Background: Assessment of patient performance status is often subjective. Sarcopenia-measurement of muscle wasting-may be a more objective means to assess performance status and therefore mortality risk following intra-arterial therapy (IAT). Methods: Total psoas area (TPA) was measured on cross-sectional imaging in 216 patients undergoing IAT of hepatic malignancies between 2002 and 2012. Sarcopenia was defined as TPA in the lowest sex-specific quartile. Impact of sarcopenia was assessed relative to other clinicopathological factors. Results: Indications for IAT included hepatocellular carcinoma (51 %), intrahepatic cholangiocarcinoma (13 %), colorectal liver metastasis (7 %), or other metastatic disease (30 %). Median TPA among men (568 mm2/m2) was greater than women (413 mm2/m2). IAT involved conventional chemoembolization (54 %), drug-eluting beads (40 %), or yttrium-90 (6 %). Median tumor size was 5.8 cm; most patients had multiple lesions (74 %). Ninety-day mortality was 9.3 %; 3-year survival was 39 %. Factors associated with risk of death were tumor size (HR = 1.84) and Child's score (HR = 2.15) (all P < 0.05). On multivariate analysis, sarcopenia remained independently associated with increased risk of death (lowest vs. highest TPA quartile, HR = 1.84; P = 0.04). Sarcopenic patients had a 3-year survival of 28 vs. 44 % for non-sarcopenic patients. Conclusions: Sarcopenia was an independent predictor of mortality following IAT with sarcopenic patients having a twofold increased risk of death. Sarcopenia is an objective measure of frailty that can help clinical decision-making regarding IAT for hepatic malignancies.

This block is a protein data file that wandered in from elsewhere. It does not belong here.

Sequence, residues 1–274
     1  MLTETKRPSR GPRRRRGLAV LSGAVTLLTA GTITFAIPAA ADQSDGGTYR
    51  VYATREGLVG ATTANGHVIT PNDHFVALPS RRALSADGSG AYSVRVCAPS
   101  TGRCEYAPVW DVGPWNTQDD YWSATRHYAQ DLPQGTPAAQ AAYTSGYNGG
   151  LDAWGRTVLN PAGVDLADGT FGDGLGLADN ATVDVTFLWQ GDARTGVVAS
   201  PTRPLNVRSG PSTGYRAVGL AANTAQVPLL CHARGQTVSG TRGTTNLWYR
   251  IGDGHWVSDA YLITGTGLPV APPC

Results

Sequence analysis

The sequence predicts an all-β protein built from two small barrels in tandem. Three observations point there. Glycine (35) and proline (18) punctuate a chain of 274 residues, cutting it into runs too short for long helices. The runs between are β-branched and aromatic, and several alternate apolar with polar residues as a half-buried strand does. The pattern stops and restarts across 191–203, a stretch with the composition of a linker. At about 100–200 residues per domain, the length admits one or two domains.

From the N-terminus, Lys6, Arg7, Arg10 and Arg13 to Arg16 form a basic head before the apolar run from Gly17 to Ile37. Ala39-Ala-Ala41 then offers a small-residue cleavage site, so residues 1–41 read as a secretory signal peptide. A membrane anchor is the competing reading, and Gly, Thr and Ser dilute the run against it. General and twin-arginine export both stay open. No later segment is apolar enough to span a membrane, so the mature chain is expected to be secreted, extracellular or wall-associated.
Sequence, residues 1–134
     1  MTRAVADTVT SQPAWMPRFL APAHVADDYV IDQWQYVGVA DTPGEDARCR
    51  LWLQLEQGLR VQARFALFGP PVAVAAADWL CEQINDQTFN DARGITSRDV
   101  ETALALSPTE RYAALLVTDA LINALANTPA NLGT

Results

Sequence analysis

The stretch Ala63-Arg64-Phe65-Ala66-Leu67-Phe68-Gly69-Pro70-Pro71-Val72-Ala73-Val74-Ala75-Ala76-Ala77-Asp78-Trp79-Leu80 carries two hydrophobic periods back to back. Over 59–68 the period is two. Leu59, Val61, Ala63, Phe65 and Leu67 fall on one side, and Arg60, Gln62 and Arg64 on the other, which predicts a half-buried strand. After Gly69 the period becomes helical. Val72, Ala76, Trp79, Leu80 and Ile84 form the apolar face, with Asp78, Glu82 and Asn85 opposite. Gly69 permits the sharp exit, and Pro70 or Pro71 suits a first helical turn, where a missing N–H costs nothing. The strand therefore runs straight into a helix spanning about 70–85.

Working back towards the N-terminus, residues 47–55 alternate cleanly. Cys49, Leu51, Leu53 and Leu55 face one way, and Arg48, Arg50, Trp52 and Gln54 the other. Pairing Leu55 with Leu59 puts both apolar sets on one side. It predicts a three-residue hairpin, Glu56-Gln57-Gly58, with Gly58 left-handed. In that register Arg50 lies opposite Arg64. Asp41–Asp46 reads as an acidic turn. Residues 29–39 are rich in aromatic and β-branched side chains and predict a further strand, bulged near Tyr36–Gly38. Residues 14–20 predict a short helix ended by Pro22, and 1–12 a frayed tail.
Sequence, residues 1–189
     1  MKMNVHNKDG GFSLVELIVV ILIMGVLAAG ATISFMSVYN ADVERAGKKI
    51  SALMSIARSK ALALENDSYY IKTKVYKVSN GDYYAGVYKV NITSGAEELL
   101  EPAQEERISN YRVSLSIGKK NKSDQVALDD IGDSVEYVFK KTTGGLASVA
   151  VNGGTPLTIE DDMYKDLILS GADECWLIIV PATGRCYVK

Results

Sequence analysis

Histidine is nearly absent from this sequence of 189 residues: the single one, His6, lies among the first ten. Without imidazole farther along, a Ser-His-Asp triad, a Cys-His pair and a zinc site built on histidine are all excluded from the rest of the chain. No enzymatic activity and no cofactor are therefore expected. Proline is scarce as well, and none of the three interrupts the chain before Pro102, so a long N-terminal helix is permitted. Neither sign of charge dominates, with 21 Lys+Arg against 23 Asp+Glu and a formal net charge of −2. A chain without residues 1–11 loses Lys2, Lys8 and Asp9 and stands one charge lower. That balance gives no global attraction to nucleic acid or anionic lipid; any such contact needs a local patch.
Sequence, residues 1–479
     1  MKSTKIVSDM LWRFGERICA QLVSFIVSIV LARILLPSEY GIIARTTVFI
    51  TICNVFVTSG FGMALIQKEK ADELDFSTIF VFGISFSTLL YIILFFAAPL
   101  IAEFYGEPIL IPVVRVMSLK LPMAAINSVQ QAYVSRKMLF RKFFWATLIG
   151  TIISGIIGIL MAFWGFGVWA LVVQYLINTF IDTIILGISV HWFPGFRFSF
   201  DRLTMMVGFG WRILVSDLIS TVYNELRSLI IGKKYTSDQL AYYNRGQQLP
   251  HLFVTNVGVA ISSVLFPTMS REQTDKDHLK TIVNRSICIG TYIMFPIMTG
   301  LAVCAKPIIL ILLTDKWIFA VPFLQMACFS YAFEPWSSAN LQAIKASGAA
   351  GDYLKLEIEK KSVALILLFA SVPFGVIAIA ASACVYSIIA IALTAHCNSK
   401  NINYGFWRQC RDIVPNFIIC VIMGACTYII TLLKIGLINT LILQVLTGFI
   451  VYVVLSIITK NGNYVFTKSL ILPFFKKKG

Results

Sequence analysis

|Original language||English (US)|
|Number of pages||10|
|Journal||Journal of Gastrointestinal Surgery|
|State||Published - Dec 2013|
- Intra-arterial therapy
- Performance status
ASJC Scopus subject areas